Could it be that Mr. Hudson simply doesn't like Mr. Darwin's theory of evolution.  And that's what caused him to pick and choose his own evidence?  He was in fact well-known to Darwin as a good ornithologist, but Darwin also knew that Hudson didn't agree with him.  He stated plainly in his book that "Mr. Hudson is a strong disbeliever in evolution..." (Origin) And, Hudson is known to historians, as well.  He was a strong religious believer and very unhappy with Darwin's theory because it challenged his belief.  He was also unhappy with Darwin himself, because his own faith had been challenged.  According to Novoa and Divine, he was happier with Lamarck's explanations of evolution because they allowed for religious belief.

So, in the end, it seems this is not an honest disagreement between two scientists evaluating the evidence with nothing but curiosity about which interpretation is correct.  This is one scientist unhappy with another's ideas, even willing to go to the brink of accusing him of lying, something Darwin had no respect for, as he wrote in the Zoological Society Proceedings in 1870: "I should be loathe to think that there are many naturalists who, without any evidence, would accuse a fellow worker of telling a deliberate falsehood to prove his theory."  He did slightly expand on his description of the woodpecker in the 6th edition of Origin, saying that "in certain large districts it does not climb trees".  So, he took Hudson's critique to heart enough to clarify his observations, but it is clear that Hudson's critique was wrong, and driven by motives other than science.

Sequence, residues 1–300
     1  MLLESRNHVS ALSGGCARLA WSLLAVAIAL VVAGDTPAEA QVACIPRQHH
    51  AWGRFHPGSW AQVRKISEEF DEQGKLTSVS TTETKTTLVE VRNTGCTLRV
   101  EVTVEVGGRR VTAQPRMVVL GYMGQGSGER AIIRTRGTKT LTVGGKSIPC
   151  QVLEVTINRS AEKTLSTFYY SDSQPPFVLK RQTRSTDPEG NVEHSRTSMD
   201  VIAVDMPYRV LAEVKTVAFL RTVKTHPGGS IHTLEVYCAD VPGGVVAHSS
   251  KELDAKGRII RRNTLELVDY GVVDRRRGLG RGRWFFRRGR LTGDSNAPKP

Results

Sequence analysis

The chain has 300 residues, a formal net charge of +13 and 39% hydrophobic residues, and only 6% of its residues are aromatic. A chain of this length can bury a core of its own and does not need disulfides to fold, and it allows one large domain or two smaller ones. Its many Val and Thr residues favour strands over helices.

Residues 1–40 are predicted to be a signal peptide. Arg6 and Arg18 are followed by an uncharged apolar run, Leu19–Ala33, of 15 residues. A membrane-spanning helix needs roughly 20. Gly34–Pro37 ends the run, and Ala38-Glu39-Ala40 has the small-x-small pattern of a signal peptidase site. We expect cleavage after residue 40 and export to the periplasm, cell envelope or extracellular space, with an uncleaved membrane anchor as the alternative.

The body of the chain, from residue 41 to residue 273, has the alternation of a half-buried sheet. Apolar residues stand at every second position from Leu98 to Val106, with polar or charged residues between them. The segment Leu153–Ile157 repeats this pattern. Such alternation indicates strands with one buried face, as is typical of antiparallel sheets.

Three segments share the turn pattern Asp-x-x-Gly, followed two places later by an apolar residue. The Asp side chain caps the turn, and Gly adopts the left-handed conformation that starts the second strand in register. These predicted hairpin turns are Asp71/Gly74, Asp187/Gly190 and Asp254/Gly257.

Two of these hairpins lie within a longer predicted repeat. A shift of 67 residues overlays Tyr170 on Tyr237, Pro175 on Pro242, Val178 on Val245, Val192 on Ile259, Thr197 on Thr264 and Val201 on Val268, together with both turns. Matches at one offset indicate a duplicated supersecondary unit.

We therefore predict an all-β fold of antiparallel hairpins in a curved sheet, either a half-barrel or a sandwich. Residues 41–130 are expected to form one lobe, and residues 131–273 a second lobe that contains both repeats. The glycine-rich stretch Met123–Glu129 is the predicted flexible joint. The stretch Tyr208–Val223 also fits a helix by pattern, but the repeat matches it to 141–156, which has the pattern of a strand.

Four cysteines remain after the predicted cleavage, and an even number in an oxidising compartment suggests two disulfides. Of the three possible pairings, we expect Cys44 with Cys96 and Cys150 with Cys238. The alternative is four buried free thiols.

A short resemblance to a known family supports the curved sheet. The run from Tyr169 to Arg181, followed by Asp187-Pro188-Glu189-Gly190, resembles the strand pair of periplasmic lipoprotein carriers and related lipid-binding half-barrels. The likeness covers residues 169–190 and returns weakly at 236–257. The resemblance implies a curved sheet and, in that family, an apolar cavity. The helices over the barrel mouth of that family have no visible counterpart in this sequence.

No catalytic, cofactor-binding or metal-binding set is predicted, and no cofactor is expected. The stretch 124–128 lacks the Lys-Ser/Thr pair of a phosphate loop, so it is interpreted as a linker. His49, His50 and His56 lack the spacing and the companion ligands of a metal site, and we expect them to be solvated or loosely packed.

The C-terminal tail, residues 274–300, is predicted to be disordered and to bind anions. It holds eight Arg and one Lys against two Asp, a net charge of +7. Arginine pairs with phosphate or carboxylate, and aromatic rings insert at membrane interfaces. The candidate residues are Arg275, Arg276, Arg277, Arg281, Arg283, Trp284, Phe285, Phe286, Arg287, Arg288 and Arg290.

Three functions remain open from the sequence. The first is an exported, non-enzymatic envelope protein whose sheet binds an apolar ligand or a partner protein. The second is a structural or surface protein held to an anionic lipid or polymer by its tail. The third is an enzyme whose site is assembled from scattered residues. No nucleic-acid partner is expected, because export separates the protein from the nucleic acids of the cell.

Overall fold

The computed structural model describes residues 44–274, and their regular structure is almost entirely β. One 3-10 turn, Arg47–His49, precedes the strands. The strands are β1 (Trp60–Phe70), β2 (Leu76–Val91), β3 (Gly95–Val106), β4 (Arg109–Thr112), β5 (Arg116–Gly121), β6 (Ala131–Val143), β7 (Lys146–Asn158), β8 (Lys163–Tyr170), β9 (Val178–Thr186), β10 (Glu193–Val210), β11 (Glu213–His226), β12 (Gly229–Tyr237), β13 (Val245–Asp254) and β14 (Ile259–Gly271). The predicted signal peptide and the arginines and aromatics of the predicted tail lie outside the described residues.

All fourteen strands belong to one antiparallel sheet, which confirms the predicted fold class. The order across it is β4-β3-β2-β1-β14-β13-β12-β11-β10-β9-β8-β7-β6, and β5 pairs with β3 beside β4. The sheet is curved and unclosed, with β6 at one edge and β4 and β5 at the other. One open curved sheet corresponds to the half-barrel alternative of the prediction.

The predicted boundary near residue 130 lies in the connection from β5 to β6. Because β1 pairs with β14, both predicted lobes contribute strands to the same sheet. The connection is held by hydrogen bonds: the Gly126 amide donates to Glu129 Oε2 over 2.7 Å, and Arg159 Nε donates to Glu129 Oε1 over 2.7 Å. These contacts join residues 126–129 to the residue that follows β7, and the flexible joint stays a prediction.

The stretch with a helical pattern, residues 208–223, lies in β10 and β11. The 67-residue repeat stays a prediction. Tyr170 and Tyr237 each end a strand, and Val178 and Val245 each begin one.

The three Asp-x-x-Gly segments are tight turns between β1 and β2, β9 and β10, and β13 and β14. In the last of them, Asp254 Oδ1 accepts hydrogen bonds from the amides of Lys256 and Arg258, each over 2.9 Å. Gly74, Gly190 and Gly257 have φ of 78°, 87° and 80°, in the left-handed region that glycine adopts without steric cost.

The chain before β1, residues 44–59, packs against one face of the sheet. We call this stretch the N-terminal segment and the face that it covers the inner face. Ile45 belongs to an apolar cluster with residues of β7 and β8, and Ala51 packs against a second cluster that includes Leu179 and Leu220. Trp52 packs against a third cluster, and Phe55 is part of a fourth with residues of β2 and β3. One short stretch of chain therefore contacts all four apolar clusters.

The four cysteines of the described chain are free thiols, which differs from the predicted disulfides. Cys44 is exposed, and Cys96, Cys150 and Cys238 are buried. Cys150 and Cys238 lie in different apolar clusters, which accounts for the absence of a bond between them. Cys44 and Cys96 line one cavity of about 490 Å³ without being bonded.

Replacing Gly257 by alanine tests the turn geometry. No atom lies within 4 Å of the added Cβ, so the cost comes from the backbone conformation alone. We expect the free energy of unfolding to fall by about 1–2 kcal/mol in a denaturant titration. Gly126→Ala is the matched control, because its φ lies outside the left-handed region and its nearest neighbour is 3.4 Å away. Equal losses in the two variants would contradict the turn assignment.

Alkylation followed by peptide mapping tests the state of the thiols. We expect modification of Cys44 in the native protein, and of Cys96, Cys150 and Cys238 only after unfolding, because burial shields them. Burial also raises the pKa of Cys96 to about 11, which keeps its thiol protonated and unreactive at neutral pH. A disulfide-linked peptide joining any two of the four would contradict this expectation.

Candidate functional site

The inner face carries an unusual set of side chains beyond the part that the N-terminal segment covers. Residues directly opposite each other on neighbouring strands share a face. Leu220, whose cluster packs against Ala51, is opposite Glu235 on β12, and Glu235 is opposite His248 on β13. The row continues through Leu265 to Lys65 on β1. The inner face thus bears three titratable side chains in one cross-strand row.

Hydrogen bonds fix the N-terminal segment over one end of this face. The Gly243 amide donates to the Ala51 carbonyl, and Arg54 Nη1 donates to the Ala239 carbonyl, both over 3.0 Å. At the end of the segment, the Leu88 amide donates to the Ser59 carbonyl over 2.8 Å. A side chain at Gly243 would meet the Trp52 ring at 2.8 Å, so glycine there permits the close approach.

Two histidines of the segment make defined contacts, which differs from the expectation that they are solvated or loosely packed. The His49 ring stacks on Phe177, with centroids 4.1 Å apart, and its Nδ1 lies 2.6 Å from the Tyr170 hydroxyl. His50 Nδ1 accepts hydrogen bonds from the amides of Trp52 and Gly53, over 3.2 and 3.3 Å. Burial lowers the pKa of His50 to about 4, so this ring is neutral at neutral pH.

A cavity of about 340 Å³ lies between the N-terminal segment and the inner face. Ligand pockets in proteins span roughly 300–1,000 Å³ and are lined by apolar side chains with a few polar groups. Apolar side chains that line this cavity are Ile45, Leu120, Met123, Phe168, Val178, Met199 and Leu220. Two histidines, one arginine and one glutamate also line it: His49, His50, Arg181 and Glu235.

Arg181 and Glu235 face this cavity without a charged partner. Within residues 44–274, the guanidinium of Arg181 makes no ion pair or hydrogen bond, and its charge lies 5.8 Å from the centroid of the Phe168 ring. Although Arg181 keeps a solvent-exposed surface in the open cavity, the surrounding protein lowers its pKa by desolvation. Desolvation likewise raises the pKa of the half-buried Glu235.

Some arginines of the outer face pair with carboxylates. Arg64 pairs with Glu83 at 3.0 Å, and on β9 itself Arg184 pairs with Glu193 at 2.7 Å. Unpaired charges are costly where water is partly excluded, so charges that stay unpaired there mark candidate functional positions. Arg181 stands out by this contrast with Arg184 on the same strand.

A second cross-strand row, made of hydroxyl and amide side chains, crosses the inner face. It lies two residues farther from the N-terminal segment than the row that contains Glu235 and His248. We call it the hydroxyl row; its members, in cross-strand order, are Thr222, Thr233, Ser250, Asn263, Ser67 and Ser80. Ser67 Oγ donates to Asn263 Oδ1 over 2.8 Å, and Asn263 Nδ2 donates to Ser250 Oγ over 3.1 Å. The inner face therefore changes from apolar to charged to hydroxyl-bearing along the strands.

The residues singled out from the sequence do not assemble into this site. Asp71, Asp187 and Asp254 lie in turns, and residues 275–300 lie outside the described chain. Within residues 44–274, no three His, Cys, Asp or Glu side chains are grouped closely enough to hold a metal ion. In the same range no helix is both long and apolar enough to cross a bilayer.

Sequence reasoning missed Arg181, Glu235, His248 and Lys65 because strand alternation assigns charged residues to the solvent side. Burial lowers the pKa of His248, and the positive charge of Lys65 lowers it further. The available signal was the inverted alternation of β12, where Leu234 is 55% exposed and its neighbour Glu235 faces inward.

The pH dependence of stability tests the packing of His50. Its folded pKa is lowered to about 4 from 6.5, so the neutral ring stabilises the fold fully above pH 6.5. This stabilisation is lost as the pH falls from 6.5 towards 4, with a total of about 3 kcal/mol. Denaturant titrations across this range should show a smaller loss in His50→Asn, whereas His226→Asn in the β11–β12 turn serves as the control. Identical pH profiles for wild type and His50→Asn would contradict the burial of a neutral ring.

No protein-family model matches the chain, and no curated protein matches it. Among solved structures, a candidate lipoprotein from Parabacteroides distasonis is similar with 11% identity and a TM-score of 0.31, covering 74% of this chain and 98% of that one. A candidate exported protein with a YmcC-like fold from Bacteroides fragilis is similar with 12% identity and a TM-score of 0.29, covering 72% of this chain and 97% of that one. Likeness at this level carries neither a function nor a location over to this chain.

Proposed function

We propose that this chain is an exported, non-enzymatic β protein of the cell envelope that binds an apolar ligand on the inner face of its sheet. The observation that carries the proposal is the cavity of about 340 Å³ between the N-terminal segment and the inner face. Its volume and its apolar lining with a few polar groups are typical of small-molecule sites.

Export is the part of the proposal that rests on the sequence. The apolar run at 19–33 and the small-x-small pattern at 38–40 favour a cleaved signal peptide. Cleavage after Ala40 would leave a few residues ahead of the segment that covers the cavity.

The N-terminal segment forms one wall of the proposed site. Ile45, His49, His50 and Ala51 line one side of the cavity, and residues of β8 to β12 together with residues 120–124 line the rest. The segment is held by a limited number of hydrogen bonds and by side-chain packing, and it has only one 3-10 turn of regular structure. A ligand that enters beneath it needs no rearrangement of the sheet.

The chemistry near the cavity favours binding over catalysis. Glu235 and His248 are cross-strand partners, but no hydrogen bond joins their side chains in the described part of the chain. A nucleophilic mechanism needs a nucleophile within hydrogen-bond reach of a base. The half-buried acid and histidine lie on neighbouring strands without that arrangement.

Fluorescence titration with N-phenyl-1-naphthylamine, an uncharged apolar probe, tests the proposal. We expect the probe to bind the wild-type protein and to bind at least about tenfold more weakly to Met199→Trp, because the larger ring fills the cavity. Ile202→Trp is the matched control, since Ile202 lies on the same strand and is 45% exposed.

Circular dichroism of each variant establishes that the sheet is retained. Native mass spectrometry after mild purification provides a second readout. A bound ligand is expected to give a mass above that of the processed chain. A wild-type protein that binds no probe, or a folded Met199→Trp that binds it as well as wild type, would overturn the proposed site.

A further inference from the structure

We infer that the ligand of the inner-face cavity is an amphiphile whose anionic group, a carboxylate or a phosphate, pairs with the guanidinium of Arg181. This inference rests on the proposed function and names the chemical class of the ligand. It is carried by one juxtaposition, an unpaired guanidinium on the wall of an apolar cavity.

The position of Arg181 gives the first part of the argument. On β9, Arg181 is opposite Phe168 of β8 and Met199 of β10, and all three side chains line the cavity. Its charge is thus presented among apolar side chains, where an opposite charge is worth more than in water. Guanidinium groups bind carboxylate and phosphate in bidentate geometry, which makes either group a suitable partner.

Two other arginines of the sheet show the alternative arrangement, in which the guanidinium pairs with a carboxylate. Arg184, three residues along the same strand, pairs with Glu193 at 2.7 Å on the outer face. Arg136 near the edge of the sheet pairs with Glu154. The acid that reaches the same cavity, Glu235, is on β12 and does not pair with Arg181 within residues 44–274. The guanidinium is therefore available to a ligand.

Still, there's a lesson here, and that is that science being a human pursuit, the same motives, blindnesses, conceits, passions and adherence to belief can drive what is in theory supposed to be objective evaluation of observations as they drive politics or religion.  Darwin was surely affected by his own interpretive frame when viewing nature, as we all are.  Even had he made a blinkered mistake, that in itself would not count against his theory. But he was very honorable and an extremely careful observer, and it would have been surprising if Hudson had been right.  But not unthinkable, Darwin being human too.


Africa Gómez said...

Hudson doesn't directly, but Darwin mentions the species, Colaptes campestris, and Wikipedia supports Darwin on the ground living habits of this woodpecker,

Anne Buchanan said...

Indeed, thank you!

Holly Dunsworth said...

What a fun find, Anne!
Darwin's defensiveness played out in the footnotes of the newer and newer editions is entertaining in a bit of a macabre way I suppose. My favorite bit is in Descent when he was accused of fibbing about a clever baboon that chewed off the annoying sharp claws of a kitten. This was too tall a tale for his detractor so Darwin did the only thing he could. He found a kitten and chewed off its claws to prove that primate incisors could easily do the trick.

Anne Buchanan said...

That's a great story! Darwin was so worried about someone finding some fact that would prove his theory wrong. He must have gotten tired of having to deal with doubters of the trivial stuff, though, like this.

Holly Dunsworth said...

He relied so heavily on second-hand knowledge too. But don't we all?